The Quarterly of the Texas State Historical Association, Volume 11, July 1907 - April, 1908 Page: 250
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Texas Historical Association Quarterly.
usage of these terms I shall only present here somewhat dogmati-
cally part of the results of a rather extended study which I have
made of these points and which I hope soon to publish.1
The testimony of the sources warrants the conclusion that before
the coming of the Spaniards the word Texas, variously spelled by
the early writers, had wide currency among the tribes of eastern
Texas and perhaps over a larger area; that its usual meaning was
"friends," or more technically, "allies"; and that it was used by the
tribes about the early missions, at least, to whom especially it
later became attached as a group name, to designate a large num-
ber of tribes who were customarily allied against the Apaches.
In this sense, the Texas included tribes who spoke different lan-
guages and who were as widely separated as the Red River and the
Rio Grande. It seems that the Neches-Angelina tribes designated
did not apply the term restrictively to themselves as a name, but
that they did use it in a very untechnical way as a form of greeting,
like "hello, friend," with which they even saluted Spaniards after
their advent. I may say, in this connection, that the meanings
"land of flowers," "tiled roofs," "paradise," etc., sometimes given
for the name Texas, I have never seen even suggested by early
observers, or by anyone on the basis of trustworthy evidence.
The name Texas has been variously applied by writers, but it
was most commonly used by the Spaniards, from whom the French
and the English borrowed it, to designate those tribes of the upper
Neches and the Angelina valleys, and this in spite of their know-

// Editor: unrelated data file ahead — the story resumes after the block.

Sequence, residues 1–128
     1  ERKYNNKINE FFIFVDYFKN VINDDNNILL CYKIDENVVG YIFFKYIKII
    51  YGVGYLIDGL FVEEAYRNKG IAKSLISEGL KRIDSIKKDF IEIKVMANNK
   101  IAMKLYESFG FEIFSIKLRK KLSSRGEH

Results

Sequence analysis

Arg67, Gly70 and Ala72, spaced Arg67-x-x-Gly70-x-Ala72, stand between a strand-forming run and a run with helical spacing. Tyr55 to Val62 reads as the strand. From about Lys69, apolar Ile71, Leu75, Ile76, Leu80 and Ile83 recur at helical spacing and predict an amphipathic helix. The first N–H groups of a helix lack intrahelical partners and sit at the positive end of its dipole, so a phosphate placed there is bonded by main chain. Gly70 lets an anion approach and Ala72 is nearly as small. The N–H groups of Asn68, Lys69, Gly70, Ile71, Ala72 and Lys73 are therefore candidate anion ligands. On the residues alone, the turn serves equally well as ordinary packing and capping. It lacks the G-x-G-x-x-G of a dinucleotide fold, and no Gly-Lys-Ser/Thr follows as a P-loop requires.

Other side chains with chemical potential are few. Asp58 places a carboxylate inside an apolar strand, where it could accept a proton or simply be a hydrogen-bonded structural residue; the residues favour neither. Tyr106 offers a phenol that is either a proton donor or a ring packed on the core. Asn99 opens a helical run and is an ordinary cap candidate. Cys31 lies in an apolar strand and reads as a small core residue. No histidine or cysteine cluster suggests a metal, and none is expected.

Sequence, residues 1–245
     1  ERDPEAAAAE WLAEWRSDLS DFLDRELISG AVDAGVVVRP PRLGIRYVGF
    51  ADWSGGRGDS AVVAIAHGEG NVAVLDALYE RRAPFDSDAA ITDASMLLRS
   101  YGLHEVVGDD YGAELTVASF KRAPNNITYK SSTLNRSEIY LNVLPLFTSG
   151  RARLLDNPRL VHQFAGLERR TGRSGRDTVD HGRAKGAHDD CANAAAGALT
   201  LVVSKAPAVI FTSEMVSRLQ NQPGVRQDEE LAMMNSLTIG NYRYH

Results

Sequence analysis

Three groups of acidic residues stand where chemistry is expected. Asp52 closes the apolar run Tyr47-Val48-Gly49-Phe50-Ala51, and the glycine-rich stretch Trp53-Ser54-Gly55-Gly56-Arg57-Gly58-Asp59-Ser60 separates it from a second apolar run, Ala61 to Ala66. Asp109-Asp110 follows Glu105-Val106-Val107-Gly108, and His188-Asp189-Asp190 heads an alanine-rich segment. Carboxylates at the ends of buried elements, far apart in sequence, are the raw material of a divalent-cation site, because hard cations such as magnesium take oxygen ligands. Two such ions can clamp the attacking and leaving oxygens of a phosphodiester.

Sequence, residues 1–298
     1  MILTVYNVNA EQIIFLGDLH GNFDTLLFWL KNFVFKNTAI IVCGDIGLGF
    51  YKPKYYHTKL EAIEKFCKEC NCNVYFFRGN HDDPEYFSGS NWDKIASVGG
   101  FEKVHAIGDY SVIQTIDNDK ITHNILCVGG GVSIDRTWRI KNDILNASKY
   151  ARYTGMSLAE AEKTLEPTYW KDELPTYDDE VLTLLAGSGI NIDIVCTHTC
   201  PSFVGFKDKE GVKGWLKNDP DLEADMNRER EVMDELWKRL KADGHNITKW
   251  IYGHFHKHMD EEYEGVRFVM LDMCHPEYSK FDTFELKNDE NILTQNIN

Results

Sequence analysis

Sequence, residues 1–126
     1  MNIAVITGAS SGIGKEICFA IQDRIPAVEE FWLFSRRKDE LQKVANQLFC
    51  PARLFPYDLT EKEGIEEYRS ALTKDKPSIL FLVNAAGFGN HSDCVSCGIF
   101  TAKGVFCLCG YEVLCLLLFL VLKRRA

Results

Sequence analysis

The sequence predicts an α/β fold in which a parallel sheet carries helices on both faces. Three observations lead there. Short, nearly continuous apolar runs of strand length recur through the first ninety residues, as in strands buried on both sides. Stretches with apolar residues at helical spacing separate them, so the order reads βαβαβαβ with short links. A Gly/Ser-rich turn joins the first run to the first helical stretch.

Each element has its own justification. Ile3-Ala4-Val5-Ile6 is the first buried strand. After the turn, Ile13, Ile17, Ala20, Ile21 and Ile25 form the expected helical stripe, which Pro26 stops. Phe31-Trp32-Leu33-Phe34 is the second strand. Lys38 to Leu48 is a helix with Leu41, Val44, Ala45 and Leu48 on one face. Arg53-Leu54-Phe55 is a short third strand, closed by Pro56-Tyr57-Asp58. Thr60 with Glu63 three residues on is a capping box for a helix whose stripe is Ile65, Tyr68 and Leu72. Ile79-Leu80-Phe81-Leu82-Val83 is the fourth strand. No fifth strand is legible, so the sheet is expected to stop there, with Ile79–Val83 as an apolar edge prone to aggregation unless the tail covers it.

ing full well that among the natives the word had the wider appli-
cation that has been indicated. There are many variations from
this usage in Spanish writings, it is true, but this, nevertheless, is
the ordinary one. As a tribal name the term was sometimes still
further narrowed to apply to a single tribe. When this occurred,
it was most commonly used to designate the Hainai, the head tribe
of the group in question, but sometimes it was applied to the Nabe-
dache tribe. As a geographical term, the name Texas was first ex-
tended from these Neches-Angelina tribes to their immediate coun-
try. Thus for the first quarter of a century of Spanish occupation,
the phrase "the Province of Texas" referred only to the country
east of the Trinity River; but with the founding of the San Antonio
settlements the term was extended westward, more in harmony
1The present paper embodies some of the results of an investigation of
the history of the Texas tribes which the. writer is making for the Bureau
of American Ethnology.
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Texas State Historical Association. The Quarterly of the Texas State Historical Association, Volume 11, July 1907 - April, 1908, periodical, 1908; Austin, Texas. (texashistory.unt.edu/ark:/67531/metapth101045/m1/254/: accessed June 25, 2017), University of North Texas Libraries, The Portal to Texas History, texashistory.unt.edu; crediting Texas State Historical Association.